EGU General Assembly 2022
© Author(s) 2022. This work is distributed under
the Creative Commons Attribution 4.0 License.

The effects of terrestrial exoplanet bulk composition on long-term planetary evolution 

Rob Spaargaren1, Maxim Ballmer2, Stephen Mojzsis3, and Paul Tackley1
Rob Spaargaren et al.
  • 1Institute of Geophysics, ETH, Zurich, Switzerland (
  • 2Department of Earth Sciences, University College London, London, UK
  • 3Origins Research Institute, Research Centre for Astronomy and Earth Sciences, Budapest, Hungary

The study of exoplanets can provide a more general understanding of planetary systems and terrestrial-planet evolution. How terrestrial exoplanets differ from Earth has so far mostly focused on planet size and orbital distance. In contrast, bulk planet composition has gained much less attention, even though it controls key physical properties of planetary interiors, and thus interior dynamics and long-term evolution. Bulk planet composition is related to core size as well as mantle chemistry and mineralogy. To better understand the variability of interior properties among terrestrial exoplanets, we attempt to constrain the range of bulk terrestrial exoplanet compositions. 

To constrain the compositional range of terrestrial exoplanets, we use the compositional link between rocky planets and their host stars. At least in the Solar System, planetary building blocks (chondrites) correspond to the devolatized star (Sun) composition. Accordingly, we apply devolatilization to stellar compositions in the galactic neighbourhood (i.e., within 500 pc) according to the approach of Wang et al. [1]. These bulk compositions are then split into core and mantle reservoirs by considering interior oxygen fugacity during core formation equal to that of Earth.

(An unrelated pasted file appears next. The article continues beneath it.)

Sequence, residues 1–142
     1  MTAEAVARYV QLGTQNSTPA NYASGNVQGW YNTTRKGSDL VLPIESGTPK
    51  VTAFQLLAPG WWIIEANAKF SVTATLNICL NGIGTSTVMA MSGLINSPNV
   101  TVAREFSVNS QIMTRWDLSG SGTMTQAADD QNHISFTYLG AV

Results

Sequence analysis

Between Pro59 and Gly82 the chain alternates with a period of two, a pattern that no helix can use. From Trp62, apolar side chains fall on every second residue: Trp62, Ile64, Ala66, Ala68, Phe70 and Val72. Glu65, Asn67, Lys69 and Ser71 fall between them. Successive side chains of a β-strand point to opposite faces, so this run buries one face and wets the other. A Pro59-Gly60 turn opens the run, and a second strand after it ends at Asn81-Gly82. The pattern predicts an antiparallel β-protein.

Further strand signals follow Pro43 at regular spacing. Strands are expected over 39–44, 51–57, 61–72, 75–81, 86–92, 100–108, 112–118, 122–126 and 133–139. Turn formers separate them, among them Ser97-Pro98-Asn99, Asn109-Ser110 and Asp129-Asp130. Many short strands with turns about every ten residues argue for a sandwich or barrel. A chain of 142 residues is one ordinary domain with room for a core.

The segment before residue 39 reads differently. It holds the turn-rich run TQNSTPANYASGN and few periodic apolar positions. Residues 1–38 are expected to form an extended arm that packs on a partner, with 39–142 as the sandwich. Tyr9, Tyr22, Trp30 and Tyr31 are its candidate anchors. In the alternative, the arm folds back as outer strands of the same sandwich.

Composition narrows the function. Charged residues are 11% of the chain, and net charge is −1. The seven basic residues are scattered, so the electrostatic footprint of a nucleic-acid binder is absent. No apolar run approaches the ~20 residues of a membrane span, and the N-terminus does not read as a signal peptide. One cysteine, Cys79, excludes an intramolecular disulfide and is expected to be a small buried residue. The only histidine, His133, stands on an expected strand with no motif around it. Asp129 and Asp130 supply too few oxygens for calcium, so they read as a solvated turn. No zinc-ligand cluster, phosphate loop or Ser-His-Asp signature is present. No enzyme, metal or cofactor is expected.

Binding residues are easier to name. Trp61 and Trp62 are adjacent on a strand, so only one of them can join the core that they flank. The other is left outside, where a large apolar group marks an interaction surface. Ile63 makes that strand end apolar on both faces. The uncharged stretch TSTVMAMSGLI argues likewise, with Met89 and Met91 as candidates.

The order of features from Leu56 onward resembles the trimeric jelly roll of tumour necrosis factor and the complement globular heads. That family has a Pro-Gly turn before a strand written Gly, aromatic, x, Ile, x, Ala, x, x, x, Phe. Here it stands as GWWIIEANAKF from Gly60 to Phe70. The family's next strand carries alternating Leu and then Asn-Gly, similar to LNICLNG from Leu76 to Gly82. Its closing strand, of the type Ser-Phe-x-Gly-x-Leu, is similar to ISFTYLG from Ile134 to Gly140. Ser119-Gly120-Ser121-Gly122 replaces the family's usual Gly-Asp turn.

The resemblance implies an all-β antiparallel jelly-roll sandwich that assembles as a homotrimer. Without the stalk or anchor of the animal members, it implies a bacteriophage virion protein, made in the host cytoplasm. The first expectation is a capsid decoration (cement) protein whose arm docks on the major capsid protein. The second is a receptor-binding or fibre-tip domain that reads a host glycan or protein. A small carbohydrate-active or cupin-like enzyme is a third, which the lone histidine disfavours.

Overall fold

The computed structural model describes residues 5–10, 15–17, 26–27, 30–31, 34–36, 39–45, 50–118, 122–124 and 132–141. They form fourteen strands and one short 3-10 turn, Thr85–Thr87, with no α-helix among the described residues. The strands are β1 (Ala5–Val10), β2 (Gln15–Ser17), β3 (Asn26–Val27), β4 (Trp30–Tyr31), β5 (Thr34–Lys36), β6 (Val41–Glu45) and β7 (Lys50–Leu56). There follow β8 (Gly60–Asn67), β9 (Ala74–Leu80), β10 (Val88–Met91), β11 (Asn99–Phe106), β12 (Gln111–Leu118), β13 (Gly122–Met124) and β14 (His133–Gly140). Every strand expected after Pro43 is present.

We find compositional ranges of molar mantle Mg/Si-ratios from 0.9 to 2.0, core sizes between 18 and 35 wt%, and mantle molar MgO+FeO+SiO2 abundances between 88 and 94 mol%. We summarize our results by defining 20 end-member compositions that represent the full range of bulk terrestrial exoplanet compositions in the Solar neighbourhood. A Gibbs energy minimization algorithm, Perple_X, shows that these planets all have mantles dominated by Fe-Mg-Si minerals, such as olivine, pyroxene, bridgmanite and periclase. The relative abundances of these minerals control mantle viscosity, where Mg-rich minerals (periclase) are weaker than Si-rich minerals (olivine, bridgmanite). We continue by simulating mantle dynamics using a 2D geodynamic model. Most of our end-member planets have a lower mantle viscosity than Earth, and their mantles are more fertile than Earth's. Accordingly, we find that mantle cooling is more efficient than for Earth for most Earth-sized exoplanets in the solar neighborhood. Future work is needed to further constrain the coupled interior-atmosphere evolution of Earth-like exoplanets, and how bulk planet composition affects it. 

[1] Wang, H.S., Lineweaver, C.H., Ireland, T.R. (2019). The volatility trend of protosolar and terrestrial elemental abundances. Icarus, 328, 287-305 

How to cite: Spaargaren, R., Ballmer, M., Mojzsis, S., and Tackley, P.: The effects of terrestrial exoplanet bulk composition on long-term planetary evolution , EGU General Assembly 2022, Vienna, Austria, 23–27 May 2022, EGU22-7484,, 2022.


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